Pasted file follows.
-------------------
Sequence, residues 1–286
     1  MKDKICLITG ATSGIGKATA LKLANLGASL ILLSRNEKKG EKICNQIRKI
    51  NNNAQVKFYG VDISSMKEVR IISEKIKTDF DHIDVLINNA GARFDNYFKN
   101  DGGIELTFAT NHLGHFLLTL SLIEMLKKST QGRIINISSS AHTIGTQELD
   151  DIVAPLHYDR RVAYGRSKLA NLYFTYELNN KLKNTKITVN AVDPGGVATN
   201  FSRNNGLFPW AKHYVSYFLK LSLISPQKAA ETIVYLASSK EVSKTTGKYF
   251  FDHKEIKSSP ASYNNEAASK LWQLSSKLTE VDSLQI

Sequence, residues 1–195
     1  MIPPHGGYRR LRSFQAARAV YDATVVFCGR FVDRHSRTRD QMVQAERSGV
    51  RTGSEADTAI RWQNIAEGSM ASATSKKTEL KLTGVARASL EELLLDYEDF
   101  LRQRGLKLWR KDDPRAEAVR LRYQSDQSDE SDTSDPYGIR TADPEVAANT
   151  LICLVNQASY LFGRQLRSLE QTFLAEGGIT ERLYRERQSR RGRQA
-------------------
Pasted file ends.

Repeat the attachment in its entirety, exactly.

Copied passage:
Sequence, residues 1–286
     1  MKDKICLITG ATSGIGKATA LKLANLGASL ILLSRNEKKG EKICNQIRKI
    51  NNNAQVKFYG VDISSMKEVR IISEKIKTDF DHIDVLINNA GARFDNYFKN
   101  DGGIELTFAT NHLGHFLLTL SLIEMLKKST QGRIINISSS AHTIGTQELD
   151  DIVAPLHYDR RVAYGRSKLA NLYFTYELNN KLKNTKITVN AVDPGGVATN
   201  FSRNNGLFPW AKHYVSYFLK LSLISPQKAA ETIVYLASSK EVSKTTGKYF
   251  FDHKEIKSSP ASYNNEAASK LWQLSSKLTE VDSLQI

Sequence, residues 1–195
     1  MIPPHGGYRR LRSFQAARAV YDATVVFCGR FVDRHSRTRD QMVQAERSGV
    51  RTGSEADTAI RWQNIAEGSM ASATSKKTEL KLTGVARASL EELLLDYEDF
   101  LRQRGLKLWR KDDPRAEAVR LRYQSDQSDE SDTSDPYGIR TADPEVAANT
   151  LICLVNQASY LFGRQLRSLE QTFLAEGGIT ERLYRERQSR RGRQA